Why I-440 is being replaced

Friday, April 12, 2019, Vol. 43, No. 15
By Hollie Deese

What happened to I-440? It simply wore out, despite the grooves cut into the roadway to extend its life.

“The existing concrete has really lived its service life for us,” says Clayton Markham, TDOT operations district manager and I-440 project manager.

“It wasn’t designed for the traffic that it has on it now, and with the potholes and everything, it’s lived it’s service life. It’s done well for us but it’s time to replace it.”

The existing concrete that makes up 440 is being reduced to rubble, a process that involves digging it up, breaking it up and recycling it into a base for the asphalt that will replace it. It’s a process that saves time and money and reduces the amount of time the project will be under construction.

“The department’s chosen to go with asphalt paving for several different reasons,” Markham says. “One of them being maintenance. A lot of times maintenance on asphalt pavement is a little bit quicker than it would be on concrete pavement. You can get in, you can do work in an isolated area and get it done pretty quickly, whereas concrete takes a little bit of time for the concrete to set up.”

Will Reid, assistant chief engineer at TDOT, says that when it came to deciding exactly how to go about redoing 440, the agency had to take into consideration how to keep cars moving while still doing repairs in a reasonable amount of time.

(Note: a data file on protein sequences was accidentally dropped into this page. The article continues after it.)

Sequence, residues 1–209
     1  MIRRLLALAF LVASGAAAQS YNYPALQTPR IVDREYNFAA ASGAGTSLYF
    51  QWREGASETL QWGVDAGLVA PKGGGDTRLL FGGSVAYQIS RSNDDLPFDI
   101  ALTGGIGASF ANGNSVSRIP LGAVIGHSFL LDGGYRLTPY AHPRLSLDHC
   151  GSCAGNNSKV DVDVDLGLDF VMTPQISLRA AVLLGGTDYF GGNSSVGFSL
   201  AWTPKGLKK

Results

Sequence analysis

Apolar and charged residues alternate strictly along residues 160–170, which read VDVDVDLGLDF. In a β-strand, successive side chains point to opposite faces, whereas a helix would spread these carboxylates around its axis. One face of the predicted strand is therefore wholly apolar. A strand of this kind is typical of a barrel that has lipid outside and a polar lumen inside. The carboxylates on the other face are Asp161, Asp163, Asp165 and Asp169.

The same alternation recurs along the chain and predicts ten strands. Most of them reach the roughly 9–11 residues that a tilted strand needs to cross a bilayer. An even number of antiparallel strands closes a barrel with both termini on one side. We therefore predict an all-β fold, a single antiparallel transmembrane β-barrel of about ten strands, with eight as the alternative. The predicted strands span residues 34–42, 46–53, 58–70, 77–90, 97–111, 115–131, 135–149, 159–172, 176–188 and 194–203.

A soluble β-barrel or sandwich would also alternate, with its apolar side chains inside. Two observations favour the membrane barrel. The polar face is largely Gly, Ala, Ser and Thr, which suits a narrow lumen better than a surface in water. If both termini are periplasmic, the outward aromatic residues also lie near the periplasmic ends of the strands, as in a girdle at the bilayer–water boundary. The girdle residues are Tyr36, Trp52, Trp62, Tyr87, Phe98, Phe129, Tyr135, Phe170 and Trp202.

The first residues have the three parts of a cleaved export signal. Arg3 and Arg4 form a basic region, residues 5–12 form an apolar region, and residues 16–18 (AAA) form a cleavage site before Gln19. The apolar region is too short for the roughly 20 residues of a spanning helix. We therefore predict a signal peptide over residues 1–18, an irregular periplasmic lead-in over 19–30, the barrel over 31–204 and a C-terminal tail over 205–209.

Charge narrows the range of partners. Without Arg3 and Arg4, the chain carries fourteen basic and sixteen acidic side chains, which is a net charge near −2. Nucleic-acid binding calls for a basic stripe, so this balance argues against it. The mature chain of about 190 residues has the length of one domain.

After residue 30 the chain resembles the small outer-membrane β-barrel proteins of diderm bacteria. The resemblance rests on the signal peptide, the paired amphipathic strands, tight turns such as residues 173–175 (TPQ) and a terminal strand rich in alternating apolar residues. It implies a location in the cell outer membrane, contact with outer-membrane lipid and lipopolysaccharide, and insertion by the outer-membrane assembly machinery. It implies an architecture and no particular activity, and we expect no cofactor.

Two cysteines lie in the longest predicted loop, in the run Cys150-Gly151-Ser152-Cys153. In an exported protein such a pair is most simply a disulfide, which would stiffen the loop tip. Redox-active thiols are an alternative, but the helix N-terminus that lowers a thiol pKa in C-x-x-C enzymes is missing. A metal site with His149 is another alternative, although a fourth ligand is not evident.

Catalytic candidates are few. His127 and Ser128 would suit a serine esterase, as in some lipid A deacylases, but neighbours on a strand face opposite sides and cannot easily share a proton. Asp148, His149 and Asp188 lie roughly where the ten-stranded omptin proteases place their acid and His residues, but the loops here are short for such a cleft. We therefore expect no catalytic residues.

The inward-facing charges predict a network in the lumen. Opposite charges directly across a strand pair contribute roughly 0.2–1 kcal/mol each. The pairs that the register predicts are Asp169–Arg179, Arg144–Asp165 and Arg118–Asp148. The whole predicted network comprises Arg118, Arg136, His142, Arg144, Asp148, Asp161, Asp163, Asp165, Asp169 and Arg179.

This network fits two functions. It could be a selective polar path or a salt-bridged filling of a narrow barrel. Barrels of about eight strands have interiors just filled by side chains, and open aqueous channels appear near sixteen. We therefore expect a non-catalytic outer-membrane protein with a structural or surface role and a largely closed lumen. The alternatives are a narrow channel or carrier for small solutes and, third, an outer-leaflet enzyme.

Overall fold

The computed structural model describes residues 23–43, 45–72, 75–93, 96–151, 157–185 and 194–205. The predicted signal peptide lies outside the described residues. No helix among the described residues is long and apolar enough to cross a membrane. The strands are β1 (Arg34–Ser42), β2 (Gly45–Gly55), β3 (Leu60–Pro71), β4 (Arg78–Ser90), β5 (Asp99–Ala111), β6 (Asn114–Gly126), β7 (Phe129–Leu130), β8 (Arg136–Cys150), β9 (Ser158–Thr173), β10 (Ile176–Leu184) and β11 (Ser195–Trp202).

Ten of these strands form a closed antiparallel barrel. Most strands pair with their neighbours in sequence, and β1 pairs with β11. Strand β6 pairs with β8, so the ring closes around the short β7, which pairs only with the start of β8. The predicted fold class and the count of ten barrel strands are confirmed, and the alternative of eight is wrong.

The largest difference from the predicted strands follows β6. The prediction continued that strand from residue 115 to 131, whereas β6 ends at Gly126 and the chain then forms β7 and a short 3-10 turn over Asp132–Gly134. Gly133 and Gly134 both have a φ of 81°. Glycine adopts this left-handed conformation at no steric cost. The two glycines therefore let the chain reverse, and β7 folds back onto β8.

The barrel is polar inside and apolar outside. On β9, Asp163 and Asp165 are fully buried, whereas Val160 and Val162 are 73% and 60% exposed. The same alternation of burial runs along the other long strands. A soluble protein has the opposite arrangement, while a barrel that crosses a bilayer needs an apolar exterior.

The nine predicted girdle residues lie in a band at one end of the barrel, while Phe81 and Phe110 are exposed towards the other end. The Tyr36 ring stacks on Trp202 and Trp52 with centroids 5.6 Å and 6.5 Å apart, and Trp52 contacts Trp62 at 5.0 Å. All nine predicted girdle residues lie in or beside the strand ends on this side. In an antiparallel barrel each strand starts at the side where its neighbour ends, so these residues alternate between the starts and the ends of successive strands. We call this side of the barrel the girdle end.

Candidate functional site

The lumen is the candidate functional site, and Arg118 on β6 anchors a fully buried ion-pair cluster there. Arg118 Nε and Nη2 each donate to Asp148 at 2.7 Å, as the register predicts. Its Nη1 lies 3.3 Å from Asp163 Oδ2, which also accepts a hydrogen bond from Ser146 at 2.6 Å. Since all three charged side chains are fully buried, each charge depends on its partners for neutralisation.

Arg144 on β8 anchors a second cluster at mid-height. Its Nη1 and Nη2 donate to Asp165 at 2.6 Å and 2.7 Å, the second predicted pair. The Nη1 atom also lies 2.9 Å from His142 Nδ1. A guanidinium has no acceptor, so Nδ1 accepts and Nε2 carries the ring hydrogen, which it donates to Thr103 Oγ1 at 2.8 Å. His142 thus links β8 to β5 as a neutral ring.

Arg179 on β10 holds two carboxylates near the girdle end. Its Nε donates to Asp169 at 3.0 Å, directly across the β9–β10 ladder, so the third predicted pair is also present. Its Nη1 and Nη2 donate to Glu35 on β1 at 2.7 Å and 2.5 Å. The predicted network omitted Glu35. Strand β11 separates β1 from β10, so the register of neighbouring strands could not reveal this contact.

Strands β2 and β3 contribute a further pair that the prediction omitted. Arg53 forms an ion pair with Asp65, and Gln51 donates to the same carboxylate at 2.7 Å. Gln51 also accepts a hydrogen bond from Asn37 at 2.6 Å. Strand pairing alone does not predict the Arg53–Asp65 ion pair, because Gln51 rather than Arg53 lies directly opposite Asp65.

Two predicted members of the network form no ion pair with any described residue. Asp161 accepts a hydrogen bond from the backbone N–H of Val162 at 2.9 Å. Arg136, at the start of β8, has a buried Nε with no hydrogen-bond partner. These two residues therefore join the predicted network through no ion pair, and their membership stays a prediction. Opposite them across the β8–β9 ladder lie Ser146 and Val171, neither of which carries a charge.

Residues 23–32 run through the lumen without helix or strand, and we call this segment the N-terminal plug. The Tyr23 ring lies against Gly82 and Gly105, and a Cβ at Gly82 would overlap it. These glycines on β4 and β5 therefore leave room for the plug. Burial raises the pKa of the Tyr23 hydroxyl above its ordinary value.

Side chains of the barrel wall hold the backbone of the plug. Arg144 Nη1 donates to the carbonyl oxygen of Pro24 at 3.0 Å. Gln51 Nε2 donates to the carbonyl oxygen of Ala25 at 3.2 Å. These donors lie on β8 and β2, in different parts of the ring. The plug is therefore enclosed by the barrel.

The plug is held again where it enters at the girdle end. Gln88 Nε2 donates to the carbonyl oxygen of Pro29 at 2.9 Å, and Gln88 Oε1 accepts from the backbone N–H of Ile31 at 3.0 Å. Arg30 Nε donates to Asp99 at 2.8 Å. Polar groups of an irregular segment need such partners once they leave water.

“The way that you build it is important as far as the impacts to the public. Asphalt gave us a little bit more flexibility with the pacing of building it,” Reid explains. “With concrete, there is not the ability to come in there and resurface as easily as with an asphalt pavement.

“Now concrete can last 30 years. In the past, the concrete that was used at the time 440 was built, the technology was such that concrete was a better product when it came to track traffic. But the technology in asphalt pavements has evolved to the point where they are very close in performance.”

Still, today’s asphalt is not forever.

“We design our projects to be perpetual pavements, meaning that we will build a base structure within pavements that we intend to stay for 30, 40 years and then we resurface on a cycle, depending on the nature of the facility,” Reid says.

For instance, interstate highways are resurfaced on an eight-year cycle. On major state routes, the resurfacing happens on a 12-year cycle.